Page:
Submitted to: Weed Science
Publication Type: Peer Reviewed Journal
Publication Acceptance Date: August 5, 1999
Publication Date: N/A
Interpretive Summary: The success of integrated weed management relies on matching control strategies to the specific weed problem in a field. This requires information not only on what weed species and how many of these weeds are present in a field, but also knowledge of the distribution of the weeds throughout the field and the stage of development of these weeds. Weed control recommendations typically provide only information on appropriate tillage methods and herbicide selection with little consideration of the specific characteristics of the weed infestations. The objective of our research was to improve our understanding of the emergence characteristics of four important weed species, common waterhemp, giant foxtail, woolly cupgrass, and velvetleaf. The emergence patterns of the four species were distinctively different from each other. Common waterhemp began emerging later than the other species and had the longest period of emergence. Woolly cupgrass emergence began early and a high percentage of total emergence occurred soon after initial emergence. Although differences in emergence characteristics occurred among years of the study, each species displayed distinct emergence characteristics that were consistent. These characteristics are valuable to crop consultants and farmers as they evaluate weed problems and plan weed control programs. In addition, the consistency of emergence under varying conditions supports the potential to develop tools to predict weed emergence over broad geographic areas. These tools would improve weed control and reduce herbicide use by improving the timing and efficiency of field operations such as scouting, tillage, and herbicide application.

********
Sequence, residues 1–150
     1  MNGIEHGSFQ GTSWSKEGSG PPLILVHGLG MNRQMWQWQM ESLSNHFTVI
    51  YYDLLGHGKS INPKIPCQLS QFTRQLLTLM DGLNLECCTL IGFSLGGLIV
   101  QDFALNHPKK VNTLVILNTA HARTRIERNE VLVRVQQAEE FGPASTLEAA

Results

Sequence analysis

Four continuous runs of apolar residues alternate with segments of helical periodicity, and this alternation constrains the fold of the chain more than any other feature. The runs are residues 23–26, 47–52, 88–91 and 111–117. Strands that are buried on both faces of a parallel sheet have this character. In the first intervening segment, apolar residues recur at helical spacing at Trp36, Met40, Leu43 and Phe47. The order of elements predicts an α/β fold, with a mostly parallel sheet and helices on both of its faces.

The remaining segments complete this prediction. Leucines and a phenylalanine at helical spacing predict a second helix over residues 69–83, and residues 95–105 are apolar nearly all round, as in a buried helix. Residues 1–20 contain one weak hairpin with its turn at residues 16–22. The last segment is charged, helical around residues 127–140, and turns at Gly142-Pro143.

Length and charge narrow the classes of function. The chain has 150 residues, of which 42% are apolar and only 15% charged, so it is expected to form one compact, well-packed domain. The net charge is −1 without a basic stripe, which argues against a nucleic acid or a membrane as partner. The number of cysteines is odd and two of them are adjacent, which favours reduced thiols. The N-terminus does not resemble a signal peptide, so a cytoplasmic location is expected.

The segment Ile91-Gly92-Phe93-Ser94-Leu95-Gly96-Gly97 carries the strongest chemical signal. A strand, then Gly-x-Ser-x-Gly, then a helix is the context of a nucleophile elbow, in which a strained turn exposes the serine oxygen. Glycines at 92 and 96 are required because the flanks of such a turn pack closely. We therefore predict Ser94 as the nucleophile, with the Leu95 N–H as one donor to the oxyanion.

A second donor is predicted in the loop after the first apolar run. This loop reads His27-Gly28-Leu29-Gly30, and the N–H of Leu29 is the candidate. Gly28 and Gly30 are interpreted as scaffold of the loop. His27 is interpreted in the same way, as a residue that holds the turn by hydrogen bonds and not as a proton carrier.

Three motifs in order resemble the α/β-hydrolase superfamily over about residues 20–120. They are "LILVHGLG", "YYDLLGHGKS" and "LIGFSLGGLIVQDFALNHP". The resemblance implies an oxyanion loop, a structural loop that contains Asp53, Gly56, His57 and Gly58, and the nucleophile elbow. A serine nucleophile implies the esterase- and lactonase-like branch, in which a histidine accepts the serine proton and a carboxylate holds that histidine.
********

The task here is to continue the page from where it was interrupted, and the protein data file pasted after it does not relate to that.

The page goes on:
Emergence characteristics, including initial time of emergence, magnitude of emergence, and mean time of emergence, of common waterhemp, giant foxtail, woolly cupgrass, and velvetleaf were studied in central Iowa during the first three years following burial of seeds collected and buried in the fall of 1994 or 1995. Although the initial emergence date varied among years, the emergence sequence among species was consistent. Woolly cupgrass and velvetleaf were the first species to emerge with initial emergence occurring between April 28 and May 10. Initial emergence dates for these species were the same except for 1995 when velvetleaf emerged four days prior to woolly cupgrass. Common waterhemp was the last species to emerge, with initial emergence ranging from 5 to 25 days after velvetleaf. First year emergence in 1995 was 8% for velvetleaf, 7% for common waterhemp, 41% for woolly cupgrass, and 33% for giant foxtail. Emergence during the first year following burial in 1996 was similar to 1995 for velvetleaf and giant foxtail, but greater emergence was observed in 1996 for woolly cupgrass and common waterhemp. During the three years of the studies, cumulative emergence of the two grass species (43 to 71%) was higher than the broadleaf species (13 to 35%). A higher percentage of the total annual emergence occurred within the first two weeks after initial emergence of woolly cupgrass than the other species. Common waterhemp had the longest mean time of emergence due to extended periods of emergence throughout the growing season.